Nick Ferrari grills Robert Jenrick on Test and Trace failures
Hundreds of hospitalisations and 20 deaths that were caused by fatal testing errors came after health officials poured cold water on warnings about dangerous inconsistencies at a Covid lab that came months in advance. A major error occurred at the Immensa Laboratory in Wolverhampton after tens of thousands of people were told that they did not have coronavirus when they did in fact have the virus. According to a Government report published in November, the fatal mistake resulted in an estimated 40,000 extra infections, 700 hospitalisations and 20 deaths.
While the UK Health and Security Agency (UKHSA) was made aware of the errors and suspended testing at the laboratory on October 2021 following reports of inaccurate results, it has now been revealed that officials from Public Health Wales (PHW) raised the alarm over the issues with their colleagues in England months before the damage was done, according to a report by The Times.
Despite writing to them serval times, they were repeatedly told that nothing was going wrong, the report claims.
A follow-up email which came after an initial email was disregarded, read: “Given the very significant and wide-reaching potential impacts of false positive or false negative results, I would be grateful for your further attention to the concerns.”
It came just eight months before the emergence of the news about the disastrous consequences of the lab errors surfaced in the Autumn of 2021 following an investigation by the UKHSA.
Staff at the Immensa Laboratory reportedly ignored warnings that lad to fatal lab errors
Tens of thousands of people were told that they did not have coronavirus when they were positive
The Wolverhampton laboratory, run by Immensa, which signed a £119 million testing contract during the pandemic, was commissioned to provide additional testing capacity for NHS Test and Trace from September 2 2021.
Despite the warnings from PHW, the UKHSA investigation found that “no singular action or process implemented by NHS Test and Trace could have prevented the errors within the Immensa laboratory arising”.
This all comes following a Freedom of Information request, revealing more detail about the errors.
Professor Alan McNally, a University of Birmingham microbiologist, who has seen the documents revealing the repeated warning from PHW, was “stunned” by the response to the warnings.
He was even quoted in The Times saying that the data discrepancies pinpointed by PHW in its emails were so significant that, if he had had the same issues raised about his own laboratory in Milton Keynes, he would have slammed the break on operations immediately.
Samples from care home testing that were sent to that laboratory raised the alarm
Alarm bells were said to have started ringing for PHW after samples from care home testing that were sent to that laboratory came back a much higher positivity rate.
The samples were 2.66 per cent were positive, compared with 0.45 per cent elsewhere. Upon further inspection, PHW officials discovered that many of the positives were extremely weak signals, only narrowly above the threshold where they would be classed as positive, implying possible contamination.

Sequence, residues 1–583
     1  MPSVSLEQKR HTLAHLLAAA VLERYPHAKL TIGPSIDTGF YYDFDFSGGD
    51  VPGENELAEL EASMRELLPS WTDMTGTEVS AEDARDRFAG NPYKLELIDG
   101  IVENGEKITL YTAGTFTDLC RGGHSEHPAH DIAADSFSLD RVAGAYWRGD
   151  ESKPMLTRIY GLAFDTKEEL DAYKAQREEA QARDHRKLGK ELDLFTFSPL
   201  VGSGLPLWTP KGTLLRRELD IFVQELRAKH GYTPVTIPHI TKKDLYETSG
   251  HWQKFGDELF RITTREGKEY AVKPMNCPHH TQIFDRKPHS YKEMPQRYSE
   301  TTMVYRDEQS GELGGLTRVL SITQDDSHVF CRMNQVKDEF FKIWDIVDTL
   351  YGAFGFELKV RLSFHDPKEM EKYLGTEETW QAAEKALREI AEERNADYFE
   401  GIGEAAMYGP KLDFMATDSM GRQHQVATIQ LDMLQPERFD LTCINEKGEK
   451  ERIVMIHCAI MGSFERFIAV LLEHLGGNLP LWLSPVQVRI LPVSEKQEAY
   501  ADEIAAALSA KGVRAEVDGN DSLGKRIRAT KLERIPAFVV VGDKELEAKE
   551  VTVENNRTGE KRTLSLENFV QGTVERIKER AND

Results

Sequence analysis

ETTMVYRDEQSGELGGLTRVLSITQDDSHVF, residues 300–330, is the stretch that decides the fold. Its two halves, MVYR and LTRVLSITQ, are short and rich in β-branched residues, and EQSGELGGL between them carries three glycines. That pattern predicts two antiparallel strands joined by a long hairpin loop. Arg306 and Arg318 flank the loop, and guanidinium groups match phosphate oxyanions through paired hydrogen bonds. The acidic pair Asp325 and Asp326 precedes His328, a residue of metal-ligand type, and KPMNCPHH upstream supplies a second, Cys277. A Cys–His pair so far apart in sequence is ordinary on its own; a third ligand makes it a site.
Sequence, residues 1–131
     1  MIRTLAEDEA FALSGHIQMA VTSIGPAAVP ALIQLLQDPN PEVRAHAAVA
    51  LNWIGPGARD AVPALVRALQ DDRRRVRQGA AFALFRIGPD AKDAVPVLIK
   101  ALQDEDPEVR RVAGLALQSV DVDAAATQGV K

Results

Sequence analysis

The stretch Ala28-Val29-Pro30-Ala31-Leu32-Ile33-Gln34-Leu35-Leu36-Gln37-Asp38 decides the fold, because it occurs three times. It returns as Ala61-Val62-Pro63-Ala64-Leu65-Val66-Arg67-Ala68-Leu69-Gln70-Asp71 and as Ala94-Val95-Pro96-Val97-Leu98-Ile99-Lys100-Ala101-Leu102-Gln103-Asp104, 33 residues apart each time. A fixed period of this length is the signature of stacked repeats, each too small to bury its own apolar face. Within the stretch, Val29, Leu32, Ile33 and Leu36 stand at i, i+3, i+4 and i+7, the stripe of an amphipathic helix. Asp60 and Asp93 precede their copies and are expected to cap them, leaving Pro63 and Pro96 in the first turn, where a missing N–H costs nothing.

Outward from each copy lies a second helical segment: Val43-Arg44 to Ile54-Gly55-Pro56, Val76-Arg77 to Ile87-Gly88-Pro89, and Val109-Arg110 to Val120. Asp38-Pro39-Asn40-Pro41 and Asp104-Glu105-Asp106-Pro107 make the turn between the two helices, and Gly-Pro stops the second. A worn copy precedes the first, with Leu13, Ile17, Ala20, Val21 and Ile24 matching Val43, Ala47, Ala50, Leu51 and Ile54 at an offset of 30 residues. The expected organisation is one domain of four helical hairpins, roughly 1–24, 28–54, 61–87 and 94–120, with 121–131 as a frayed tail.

There also appeared to be a “control” issue, referring to a known positive sample included in each plate being tested. Under normal circumstances, the samples should come back the same strength. However in this problematic lab, but it appeared to vary dramatically.
Prof McNally said. “There isn’t a single person involved in PCR testing who would have looked at their concerns and thought, ‘There’s nothing to see here.’
Story of the ancient giant whose body was snatched against his wishes [REVEAL]
UK’s largest North Sea gas firm slashes jobs over windfall tax [REPORT]
Germany claims it’s ended Russian reliance on energy in blow to Putin [INSIGHT]
More than 20 deaths were caused by the error
“If this data had come out of my lab I would have shut down the whole thing until we found out what was going on. Something is clearly massively wrong.”
But it is not just experts who have been left baffled. Social media users have also kicked up a storm following the damning exposé.
Dave Berkeley tweeted: “You’d think that the people running the lab, or commissioning the lab, would have some mechanism in place to monitor how well they were doing their job.”
Paul Mainwood, head of Strategy at Innocent Drinks, described the revelations as “jaw-dropping”. But despite the excess deaths and thousands of hospitalisations, NHS Test and Trace told PHW that it had no concerns about the review that was being conducted.
It said: “All labs within the national network are validated through a rigorous Covid-19 test programme quality assurance and validation process.”
Around 39,000 PCR samples were incorrectly reported as negative
Richard Gleave, director and lead investigator for the Immensa investigation at the UKHSA, said measures had been taken to avoid the same mistakes happening again.
The UKHSA has at the time of its investigation that “staff errors” were to blame for the fatal mistakes made at the lab.
The agency said: “The cause [of the mistakes] was the incorrect setting of the threshold levels for reporting positive and negative results of PCR samples for Covid-19.
“Based on background infection rates in different population groups at the time, UKHSA estimated that this error could have led to around 39,000 results being incorrectly reported as negative when they should have been positive.”
Jenny Harries, UKHSA chief executive, said in November, following a report exposing the full extent of the mistakes made by the private lab: ”I fully accept the findings and recommendations made in this report, many of which were implemented as soon as UKHSA discovered the incident. These ongoing improvements will enhance our ability to spot problems sooner where they do arise.”